Illegal or not, every Ugandan in the diaspora matters – advisor

Sunday April 04 2021
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Recently appointed advisor on diaspora affairs, Mr Abby Kigozi Walusimbi. PHOTO/ COURTESY

By Desire Mbabaali

What do you do as presidential advisor on diaspora affairs?
I am the non-partisan liaison between the President and the different Ugandan diaspora. All members of the diaspora can directly reach me with any issues that they want presented to the President in the shortest time possible. I also serve my country by using this platform to sell Uganda as the best investment and tourism destination to both the diaspora who want to return home and other interested parties.

What activities are you currently involved in?
I am working on re-stablishing the strong bond that once existed between the government and Ugandans in the Diaspora. We are helping the President realise the vision to have his bazukulu return to invest at home and also bring along their expertise picked from years in their respective countries for the benefit of our country.

In liaison with the different diaspora desks in the ministries and other government arms, we are working on crafting policies that will address the challenges our people in the diaspora face, and make it easy for them to return home without fear or favour.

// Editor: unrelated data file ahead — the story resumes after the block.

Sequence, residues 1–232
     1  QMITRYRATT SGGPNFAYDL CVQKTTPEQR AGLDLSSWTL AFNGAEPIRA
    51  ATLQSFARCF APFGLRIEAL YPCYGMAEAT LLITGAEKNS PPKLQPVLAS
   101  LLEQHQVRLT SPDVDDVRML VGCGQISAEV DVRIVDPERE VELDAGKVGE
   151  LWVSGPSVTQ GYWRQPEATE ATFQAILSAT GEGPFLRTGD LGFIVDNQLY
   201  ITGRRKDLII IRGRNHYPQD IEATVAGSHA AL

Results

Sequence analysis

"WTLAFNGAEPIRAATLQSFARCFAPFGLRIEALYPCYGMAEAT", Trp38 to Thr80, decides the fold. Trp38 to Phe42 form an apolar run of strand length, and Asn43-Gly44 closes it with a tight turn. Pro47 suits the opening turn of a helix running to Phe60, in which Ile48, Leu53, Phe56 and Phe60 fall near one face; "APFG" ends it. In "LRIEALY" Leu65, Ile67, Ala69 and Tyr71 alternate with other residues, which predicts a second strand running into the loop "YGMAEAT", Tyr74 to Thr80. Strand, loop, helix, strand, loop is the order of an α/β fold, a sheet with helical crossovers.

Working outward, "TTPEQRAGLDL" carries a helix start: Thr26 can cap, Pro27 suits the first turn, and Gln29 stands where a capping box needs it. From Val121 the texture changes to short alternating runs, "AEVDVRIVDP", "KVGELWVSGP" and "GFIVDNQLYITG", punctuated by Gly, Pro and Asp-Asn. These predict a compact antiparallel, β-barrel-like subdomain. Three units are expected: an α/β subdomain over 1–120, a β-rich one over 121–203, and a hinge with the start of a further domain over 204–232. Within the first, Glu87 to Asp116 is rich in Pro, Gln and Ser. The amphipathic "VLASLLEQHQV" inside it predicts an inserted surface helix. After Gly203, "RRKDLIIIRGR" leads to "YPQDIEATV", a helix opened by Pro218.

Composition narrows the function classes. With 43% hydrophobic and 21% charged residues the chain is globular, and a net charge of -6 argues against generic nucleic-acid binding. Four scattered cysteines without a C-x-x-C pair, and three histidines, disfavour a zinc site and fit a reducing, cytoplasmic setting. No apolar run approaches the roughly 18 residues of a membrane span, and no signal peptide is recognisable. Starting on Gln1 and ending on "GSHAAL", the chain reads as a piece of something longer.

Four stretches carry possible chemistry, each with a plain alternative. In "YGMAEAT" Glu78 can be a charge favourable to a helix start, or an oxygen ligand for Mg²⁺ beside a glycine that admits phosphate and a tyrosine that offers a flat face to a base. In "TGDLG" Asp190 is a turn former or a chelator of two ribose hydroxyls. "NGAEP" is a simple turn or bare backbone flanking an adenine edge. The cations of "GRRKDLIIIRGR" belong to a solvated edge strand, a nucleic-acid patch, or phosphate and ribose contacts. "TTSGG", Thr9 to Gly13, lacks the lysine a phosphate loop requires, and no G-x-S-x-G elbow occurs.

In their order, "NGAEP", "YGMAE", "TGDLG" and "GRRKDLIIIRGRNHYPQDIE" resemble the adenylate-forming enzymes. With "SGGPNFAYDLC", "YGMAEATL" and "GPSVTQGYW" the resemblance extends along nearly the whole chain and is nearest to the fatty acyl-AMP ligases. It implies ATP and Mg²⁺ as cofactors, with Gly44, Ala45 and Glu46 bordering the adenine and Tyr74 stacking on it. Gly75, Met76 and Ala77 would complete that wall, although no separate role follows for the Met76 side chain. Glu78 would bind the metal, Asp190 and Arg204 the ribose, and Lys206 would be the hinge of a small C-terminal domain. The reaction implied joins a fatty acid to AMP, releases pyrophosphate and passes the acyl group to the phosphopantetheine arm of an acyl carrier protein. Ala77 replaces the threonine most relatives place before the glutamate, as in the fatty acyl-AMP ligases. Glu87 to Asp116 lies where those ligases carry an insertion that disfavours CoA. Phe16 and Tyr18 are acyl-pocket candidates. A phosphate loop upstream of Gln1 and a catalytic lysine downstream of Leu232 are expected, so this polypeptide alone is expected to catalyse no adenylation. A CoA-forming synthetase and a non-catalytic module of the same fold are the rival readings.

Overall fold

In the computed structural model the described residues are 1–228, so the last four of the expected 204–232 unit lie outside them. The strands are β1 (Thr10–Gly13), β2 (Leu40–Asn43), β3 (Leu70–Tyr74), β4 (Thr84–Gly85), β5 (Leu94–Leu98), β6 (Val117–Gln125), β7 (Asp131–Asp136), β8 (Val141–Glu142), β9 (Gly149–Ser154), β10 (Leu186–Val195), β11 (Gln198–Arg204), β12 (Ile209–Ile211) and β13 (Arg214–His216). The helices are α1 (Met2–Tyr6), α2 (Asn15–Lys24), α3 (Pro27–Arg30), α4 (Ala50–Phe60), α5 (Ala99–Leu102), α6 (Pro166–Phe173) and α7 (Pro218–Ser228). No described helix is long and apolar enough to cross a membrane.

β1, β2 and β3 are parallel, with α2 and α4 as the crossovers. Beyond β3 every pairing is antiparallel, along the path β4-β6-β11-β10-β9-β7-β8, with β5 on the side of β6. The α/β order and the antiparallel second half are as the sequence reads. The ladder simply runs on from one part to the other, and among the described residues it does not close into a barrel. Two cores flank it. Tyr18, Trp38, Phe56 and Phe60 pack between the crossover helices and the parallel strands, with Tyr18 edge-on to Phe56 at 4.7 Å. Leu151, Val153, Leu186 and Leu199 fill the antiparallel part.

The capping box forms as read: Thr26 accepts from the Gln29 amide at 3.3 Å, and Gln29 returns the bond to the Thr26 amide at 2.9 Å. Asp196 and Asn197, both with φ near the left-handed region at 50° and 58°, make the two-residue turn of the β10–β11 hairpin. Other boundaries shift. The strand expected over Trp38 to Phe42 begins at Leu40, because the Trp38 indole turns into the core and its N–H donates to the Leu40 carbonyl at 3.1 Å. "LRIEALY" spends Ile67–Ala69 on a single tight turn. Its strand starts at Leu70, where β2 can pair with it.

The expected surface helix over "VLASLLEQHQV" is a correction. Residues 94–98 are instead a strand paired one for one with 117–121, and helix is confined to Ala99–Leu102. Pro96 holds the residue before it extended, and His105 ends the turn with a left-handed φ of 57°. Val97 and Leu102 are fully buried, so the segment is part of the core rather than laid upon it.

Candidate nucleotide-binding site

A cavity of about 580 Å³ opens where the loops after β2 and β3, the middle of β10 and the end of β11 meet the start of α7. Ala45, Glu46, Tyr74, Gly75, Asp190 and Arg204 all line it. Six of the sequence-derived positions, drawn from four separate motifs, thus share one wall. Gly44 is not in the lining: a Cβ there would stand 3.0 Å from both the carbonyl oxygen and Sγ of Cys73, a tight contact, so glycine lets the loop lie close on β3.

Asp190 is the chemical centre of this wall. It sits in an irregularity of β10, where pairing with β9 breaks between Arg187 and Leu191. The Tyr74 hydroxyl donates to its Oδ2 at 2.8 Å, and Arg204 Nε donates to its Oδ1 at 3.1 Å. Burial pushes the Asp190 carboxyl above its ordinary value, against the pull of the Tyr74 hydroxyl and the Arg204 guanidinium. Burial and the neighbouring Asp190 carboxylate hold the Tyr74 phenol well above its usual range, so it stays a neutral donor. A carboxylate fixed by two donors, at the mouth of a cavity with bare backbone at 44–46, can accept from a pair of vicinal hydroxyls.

Owing to my most recent official tour to the USA, which was sanctioned by the President, we worked hand in hand with Uganda’s ambassador to the US, Mr Mull Katende, who was very instrumental in ensuring the success of the business tour. 
 
I have since established and brought home both African Americans and other nationalities who are ready to contribute to Uganda’s economy through investing in different sectors. One of such people is renowned music icon Akon, who will be in the country in early April not as an entertainer but as a multi-million-dollar investor in the energy and mining sector. A number of other potential investors that visited the country after our return have already registered companies here and are preparing to start work [Ed. Note. Akon jetted into the country on Friday morning]. 

Where does your role fall vis a vis the Ministry of Foreign Affairs and our embassies in different countries?
When I was appointed to this office, communication was sent to the different ministries and diplomatic missions by the President to create a stronger working relationship with them on issues of the Diaspora. Without these ministries and our missions in the different countries, my work can’t proceed. My role is to help reduce the bureaucratic processes the diaspora faces before their needs are tabled to the President, owing to the diverse, heavy workload the ministries and embassies have on their shoulders. 

Do we have a database of how many Ugandans are in which part of the world?
Not one that can be shared yet. This is partially due to the number of illegal migrants that are nowhere in the records of our missions abroad. However, I am working with all the different stakeholders in all government agencies to build a stronger digitally accessible diaspora database. To give you a glimpse of the data, however, unrefined, as of 2014 we had more than two million Ugandans living in the Diaspora.